I leave the Trail, force my way through heavy, frozen wood. I am shaking and my heart is racing and I am clenching my fists and I am clenching my jaw. My feet are snapping twigs and crushing infant sapling trees, my arms are removing whatever stands in front of me. The sharp sounds of destruction, a snap crack snap crack, incense me, enrage me, make me want to break more, destroy more, ruin everything. I want to ruin everything everywhere. I want to fucking ruin.

I break through a stand of thick Evergreen and into a small, tight, circular Clearing. I stop walking forging pushing fighting and I close my eyes and I take a deep breath and I hope that the breath will calm me but it doesn’t so I take another and it doesn’t another doesn’t another doesn’t another doesn’t. I want to be calm but there is no calm for me.

How I am here. How I have arrived in this place at this moment on this day with this feeling history future problems life this horrible fucked-up good-for-nothing waste of a life how. Fifteen minutes ago I was holding a lifelong Criminal and cocaine Addict who spent his childhood with his Father’s dick in his mouth as he cried because he was scared to go back into the World. I ate my lunch with some kind of menacing middle-aged movie-star Look-alike and a three-strike Fugitive and a Steel Worker with torn-out hair plugs and a one-hundred-ten-pound Ghost who used to be the Champion of the World. I was given a coloring book and told it would help make me better. I watched some Judge’s stupid fucking video and I was told it would help make me better. I got sick, just like I do every other fucking day, and I am not getting better. I am twenty-three years old and I’ve been an Alcoholic for a decade and a drug Addict and Criminal for almost as long and I’m wanted in three states and I’m in a Hospital in the middle of Minnesota and I want to drink and I want to do some drugs and I can’t control myself. I’m twenty-three.

I breathe and I shake and I can feel it coming and rage and need and confusion regret horror shame and hatred fuse into a perfect Fury a great and beautiful and terrible and perfect Fury the Fury and I can’t stop the Fury or control the Fury I can only let the Fury come come come come come. Let it motherfucking come. The Fury has come.

I see a tree and I go after it. Screaming punching kicking clawing tearing ripping dragging pulling wrecking punching screaming punching screaming punching screaming. It is a small tree, a small Pine Tree, small enough that I can destroy it, and I rip the branches from its trunk and I tear them to pieces one by one I rip them and I tear them and I throw them to the ground and I stomp them stomp them stomp them and when there are no more branches I hear a voice and I attack the trunk and it’s thin and I break it in half and I hear a voice and I ignore it and I throw the broken trunk on top of the branches and one half of it is still in the ground I hear a voice and I want it out of the fucking ground and I grab it and pull pull pull and it doesn’t budge not an inch I hear a voice and I ignore and I pull scream pull and it doesn’t budge this fucking tree I want to destroy it and I let go of it and there is a voice I ignore I start kicking kicking kicking and the voice says stop stop stop stop. Stop.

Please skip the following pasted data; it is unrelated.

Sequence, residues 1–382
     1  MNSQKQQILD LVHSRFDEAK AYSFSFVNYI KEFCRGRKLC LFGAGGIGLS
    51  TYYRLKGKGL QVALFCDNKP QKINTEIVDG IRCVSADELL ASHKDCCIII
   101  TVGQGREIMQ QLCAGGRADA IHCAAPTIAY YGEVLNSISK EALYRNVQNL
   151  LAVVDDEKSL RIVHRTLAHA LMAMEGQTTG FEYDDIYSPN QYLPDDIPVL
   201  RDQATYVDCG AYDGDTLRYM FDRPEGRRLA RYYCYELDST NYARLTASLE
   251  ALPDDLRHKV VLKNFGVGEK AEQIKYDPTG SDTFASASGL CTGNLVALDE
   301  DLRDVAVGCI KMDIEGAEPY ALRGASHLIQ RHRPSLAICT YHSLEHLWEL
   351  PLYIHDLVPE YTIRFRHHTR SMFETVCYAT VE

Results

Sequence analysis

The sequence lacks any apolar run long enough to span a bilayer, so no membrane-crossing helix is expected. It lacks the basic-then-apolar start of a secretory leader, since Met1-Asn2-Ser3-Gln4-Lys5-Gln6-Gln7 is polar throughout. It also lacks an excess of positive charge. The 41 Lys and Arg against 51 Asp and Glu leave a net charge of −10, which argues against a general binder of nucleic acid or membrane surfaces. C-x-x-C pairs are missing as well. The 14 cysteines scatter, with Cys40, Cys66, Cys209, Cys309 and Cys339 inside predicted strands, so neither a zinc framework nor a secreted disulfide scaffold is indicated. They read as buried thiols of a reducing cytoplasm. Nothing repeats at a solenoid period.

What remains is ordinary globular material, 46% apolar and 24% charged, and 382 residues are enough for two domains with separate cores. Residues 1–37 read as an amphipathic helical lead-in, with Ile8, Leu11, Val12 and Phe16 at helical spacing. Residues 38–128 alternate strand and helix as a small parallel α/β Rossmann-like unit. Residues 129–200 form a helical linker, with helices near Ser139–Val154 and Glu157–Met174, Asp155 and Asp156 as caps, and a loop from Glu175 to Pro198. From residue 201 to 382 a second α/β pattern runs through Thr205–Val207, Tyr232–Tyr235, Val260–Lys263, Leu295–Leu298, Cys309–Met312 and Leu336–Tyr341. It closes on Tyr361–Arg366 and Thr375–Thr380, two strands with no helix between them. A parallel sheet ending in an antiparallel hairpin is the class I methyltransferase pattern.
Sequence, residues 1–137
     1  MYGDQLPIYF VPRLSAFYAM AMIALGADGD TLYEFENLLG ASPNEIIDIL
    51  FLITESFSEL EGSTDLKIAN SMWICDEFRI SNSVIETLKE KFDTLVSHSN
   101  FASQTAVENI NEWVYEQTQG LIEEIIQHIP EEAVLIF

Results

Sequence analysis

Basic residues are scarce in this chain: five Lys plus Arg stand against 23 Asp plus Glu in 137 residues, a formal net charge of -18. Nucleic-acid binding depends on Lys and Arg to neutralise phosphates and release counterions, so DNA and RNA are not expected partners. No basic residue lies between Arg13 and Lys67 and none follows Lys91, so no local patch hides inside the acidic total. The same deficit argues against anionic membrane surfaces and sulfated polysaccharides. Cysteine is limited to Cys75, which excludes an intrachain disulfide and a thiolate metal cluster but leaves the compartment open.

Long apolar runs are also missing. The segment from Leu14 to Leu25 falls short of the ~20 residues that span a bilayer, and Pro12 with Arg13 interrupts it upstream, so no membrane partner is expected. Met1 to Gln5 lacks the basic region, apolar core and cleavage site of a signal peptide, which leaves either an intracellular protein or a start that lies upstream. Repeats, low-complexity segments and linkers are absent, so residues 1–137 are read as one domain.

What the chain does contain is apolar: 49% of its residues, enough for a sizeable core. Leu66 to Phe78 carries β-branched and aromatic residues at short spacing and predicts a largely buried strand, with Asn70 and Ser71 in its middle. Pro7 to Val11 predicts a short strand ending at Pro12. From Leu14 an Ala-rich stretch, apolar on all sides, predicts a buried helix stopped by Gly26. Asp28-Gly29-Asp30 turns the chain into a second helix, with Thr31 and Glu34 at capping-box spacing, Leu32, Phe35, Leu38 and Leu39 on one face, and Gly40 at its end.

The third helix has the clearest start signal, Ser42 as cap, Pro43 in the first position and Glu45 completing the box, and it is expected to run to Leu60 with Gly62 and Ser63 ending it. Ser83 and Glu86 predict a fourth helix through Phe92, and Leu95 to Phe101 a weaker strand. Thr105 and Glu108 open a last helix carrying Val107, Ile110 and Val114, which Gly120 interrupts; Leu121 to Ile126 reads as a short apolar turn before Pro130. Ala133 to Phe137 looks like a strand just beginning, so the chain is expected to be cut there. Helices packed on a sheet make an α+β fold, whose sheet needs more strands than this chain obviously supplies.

I turn around.

Long black hair and deep clean blue eyes and skin pale white and lips blood red she’s small and thin and worn and damaged. She is standing there.

What are you doing here?

I was taking a walk and I saw you and I followed you.

What do you want.

I want you to stop.

I breathe hard, stare hard, tense and coiled. There is still more tree for me to destroy I want that fucking tree. She smiles and she steps toward me, toward toward toward me, and she opens her arms and I’m breathing hard staring hard tense and coiled she puts her arms around me with one hand on the back of my head and she pulls me into her arms and she me holds me and she speaks.

It’s okay.

I breathe hard, close my eyes, let myself be held.

It’s okay.

Her voice calms me and her arms warm me and her smell lightens me and I can feel her heart beat and my heart slows and I stop shaking and the Fury melts into her safety and she holds me and she says.

Okay.

Okay.

Okay.

Something else comes and it makes me feel weak and scared and fragile and I don’t want to be hurt and this feeling is the feeling I have when I know I can be hurt and hurt deeper and more terribly than anything physical and I always fight it and control it and stop it but her voice calms me and her arms warm me and her smell lightens me and I can feel her heart beat and if she let me go right now I would fall and the need and confusion and fear and regret and horror and shame and weakness and fragility are exposed to the soft strength of her open arms and her simple word okay and I start to cry. I start to cry. I start to cry.

It comes in waves. The waves roll deep and from deep the deep within me and I hold her and she holds me tighter and I let her and I let it and I let this and I have not felt this way this vulnerability or allowed myself to feel this way this vulnerability since I was ten years old and I don’t know why I haven’t and I don’t know why I am now and I only know that I am and that it is scary terrifying frightening worse and better than anything I’ve ever felt crying in her arms just crying in her arms just crying.